Jeffries v. Aaron, 120 N.C. 167 (1897)

Feb. 1897 · Supreme Court of North Carolina
120 N.C. 167


Practice- — Irregular Judgment — Motion to Set Aside Judgment— Valid Defence.

1. Where a judgment “ final,” instead of “ by default and enquiry,” was rendered on an open account on failure of the defendants to appear, it was error to set it aside on motion which, was not put upon the ground of mistake, surprise or excusable neglect, or upon a showing of a valid defence. In such case the validity of the defence is for the court and not for the party to determine.

2. In such case, any questions of lien, homestead rights, etc., that might arise, cannot be considered until execution shall have been issued.

MotioN to set aside a judgment rendered by default final on an open account on the failure of defendants to appear and answe1-. The judgment sought to be set aside was as follows:

“This case coming on to be heard, it appearing to the *168court that the summons oil each of the defendants has been served, and there being no answer filed by the defendants, and the complaint has been duly verified, it is therefore ordered, adjudged and decreed by the court: That the plaintiff recover of. the defendant the sum of two hundred and thirty-nine dollars and eighty five cents, of which two hundred and eleven dollars and ninety-five cents is the principal, and twenty-s.' ven dollars and ninety-five cents is the interest, with interest on two hundred and eleven dollars and ninety-five cents until paid.

“It is further ordered, adjudged and decreed: That the plaintiffs are entitled to an execution against the real estate described m the complaint as the property of the defendant, Julia D. Aaron, and the Clerk of the Superior Court is directed to issue execution to the sheriff of "Wayne county, directing him to sell the above mentioned real estate for the satisfaction of the above mentioned judgment, and for costs of this action.”

An dxecution upon this judgment was issued by the clerk.

At September Term, 1896, of WaxNB Superior Court before Boyfcm, A, the defendant, Julia 1) Aaron, moved the court to set aside the judgment upon proper notice and affidavit on the grounds:

“1. That the said judgment is irregular and contrary to the course of the courts in that the action is upon an open account for goods sold and delivered, and it is not alleged that the defendants agreed to pay any particular sum therefor, but simply alleges that they were reasonably worth the amount demanded; and the judgment was.rendered “by default final” instead of “by default and inquiry.”

‘ ‘2. That said judgment is declared to be a lien upon the real estate described in the complaint, and orders its sale for the satisfaction therof, without its appearing either in *169the complaint or answer that the defendant had no personal property oat of which said judgment might be satisfied, or whether there was any firm property out of which it might be satisfied, or without providing for the sale of said property before resorting to the sale of the real estate.

“3. That it provides for setting aside no homestead exemptions to the defendant, Julia D. Aaron.

1 c4. That there are no facts set forth in the complaint which justify an order of sale of said land, or to declare that the same is a lien upon the same; and it being a judgment by default for rhe want of an answer, it could only be such a judgment as was justified by the complaint.”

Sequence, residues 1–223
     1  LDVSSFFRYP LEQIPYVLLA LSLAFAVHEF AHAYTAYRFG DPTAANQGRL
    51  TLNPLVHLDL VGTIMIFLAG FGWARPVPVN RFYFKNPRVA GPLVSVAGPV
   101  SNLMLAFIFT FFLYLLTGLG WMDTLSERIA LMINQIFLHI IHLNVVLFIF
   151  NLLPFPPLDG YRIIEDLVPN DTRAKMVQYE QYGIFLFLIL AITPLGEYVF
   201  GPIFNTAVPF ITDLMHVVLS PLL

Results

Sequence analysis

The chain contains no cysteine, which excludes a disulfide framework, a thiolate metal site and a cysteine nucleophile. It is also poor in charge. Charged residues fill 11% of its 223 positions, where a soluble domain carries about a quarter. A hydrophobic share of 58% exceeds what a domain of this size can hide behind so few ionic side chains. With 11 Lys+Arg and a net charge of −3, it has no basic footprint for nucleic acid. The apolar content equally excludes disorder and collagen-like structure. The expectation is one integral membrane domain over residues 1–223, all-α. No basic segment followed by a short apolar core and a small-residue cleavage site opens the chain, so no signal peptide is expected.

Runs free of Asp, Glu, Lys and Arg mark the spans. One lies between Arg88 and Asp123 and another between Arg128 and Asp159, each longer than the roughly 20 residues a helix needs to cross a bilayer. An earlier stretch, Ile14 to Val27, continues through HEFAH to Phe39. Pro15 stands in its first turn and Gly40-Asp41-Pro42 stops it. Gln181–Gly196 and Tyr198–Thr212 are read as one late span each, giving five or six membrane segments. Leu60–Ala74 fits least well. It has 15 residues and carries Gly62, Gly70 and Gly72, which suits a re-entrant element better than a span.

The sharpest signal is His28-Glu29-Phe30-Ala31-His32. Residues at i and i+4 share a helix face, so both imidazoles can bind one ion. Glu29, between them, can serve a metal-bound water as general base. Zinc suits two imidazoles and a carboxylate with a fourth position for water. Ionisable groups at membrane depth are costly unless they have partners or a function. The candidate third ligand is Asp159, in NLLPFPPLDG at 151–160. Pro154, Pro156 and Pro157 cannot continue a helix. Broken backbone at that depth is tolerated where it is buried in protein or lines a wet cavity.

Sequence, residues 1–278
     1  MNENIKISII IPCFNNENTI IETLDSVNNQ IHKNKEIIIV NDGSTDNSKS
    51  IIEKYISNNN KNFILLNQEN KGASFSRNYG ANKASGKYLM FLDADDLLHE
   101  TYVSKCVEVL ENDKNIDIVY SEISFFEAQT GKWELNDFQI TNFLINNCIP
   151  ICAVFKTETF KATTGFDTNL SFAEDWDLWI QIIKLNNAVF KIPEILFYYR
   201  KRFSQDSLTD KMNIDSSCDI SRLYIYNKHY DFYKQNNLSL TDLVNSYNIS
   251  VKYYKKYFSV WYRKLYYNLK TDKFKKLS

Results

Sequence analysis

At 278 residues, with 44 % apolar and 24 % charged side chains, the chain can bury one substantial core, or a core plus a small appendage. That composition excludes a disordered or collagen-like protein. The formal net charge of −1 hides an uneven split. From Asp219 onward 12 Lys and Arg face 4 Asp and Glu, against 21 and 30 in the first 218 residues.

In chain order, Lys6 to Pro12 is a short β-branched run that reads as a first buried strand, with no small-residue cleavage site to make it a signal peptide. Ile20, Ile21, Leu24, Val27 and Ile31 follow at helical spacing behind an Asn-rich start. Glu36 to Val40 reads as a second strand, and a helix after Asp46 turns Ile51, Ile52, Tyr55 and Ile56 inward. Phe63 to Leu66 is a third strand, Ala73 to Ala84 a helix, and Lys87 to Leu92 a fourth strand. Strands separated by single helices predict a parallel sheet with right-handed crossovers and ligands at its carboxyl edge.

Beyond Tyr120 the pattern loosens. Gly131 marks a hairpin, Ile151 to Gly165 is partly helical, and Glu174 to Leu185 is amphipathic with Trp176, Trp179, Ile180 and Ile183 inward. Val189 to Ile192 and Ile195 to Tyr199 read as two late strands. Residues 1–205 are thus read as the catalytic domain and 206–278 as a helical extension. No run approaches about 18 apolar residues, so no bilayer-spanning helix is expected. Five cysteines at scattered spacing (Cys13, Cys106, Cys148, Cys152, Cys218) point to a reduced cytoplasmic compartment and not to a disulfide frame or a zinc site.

His Honor granted the motion and plaintiffs appealed.

Mr. S. W. Isler, for plaintiffs (appellants).

No counsel, eontra.

Faircloth, 0. J.:

As we understand it, the plaintiffs obtained a judgment “final on an open account,” the defendants having failed to answer the complaint. This was irregular. Code, Secs. 385, 386; Wittv. Long, 93 íí. C., 388. The judgment should have been by “default and inquiry.” At a subsequent time, the defendants made a motion to have the judgment vacated ana set aside on the ground of irregularity in entering a judgment “final.”

The motion is not put upon the ground of mistake, surprise or excusable neglect. The court vacated and set aside the judgment. This was error. The court having jurisdiction of the subject and the parties, there is a presumption in favor of its judgment, and the burden of overcoming this presumption is with the party seeking to set aside the judgment. He must set forth facts showing prima facie a valid defence, and the validity of the defence is for the court, and not with the party. Although there was *170irregularity in entering the judgment, yet unless the court can now see reasonably that defendants had a good defence, or that they could now make a defence that would affect the judgment, why should it engage in the vain work of setting the judgment aside now, and then be called upon soon thereafter to render just such another between the same parties? To avoid this, the law requires that a prima, facie valid defence must be set forth. Jarman v. Saunders, 64 N. C., 367; English v. English, 87 N. C., 497; Mauney v. Gidney, 88 N. C., 200.

In this case the affidavit does not suggest that there is any mistake in the amount, nor that there is any defence that can be made.

The question of lien, homestead rights and some others are suggested in the case, but these will not call for consideration until further proceedings are had below. About these matters the parties will proceed as they are advised, when the judgment is restored and executionary process has been issued.

The order vacating the judgment is reversed.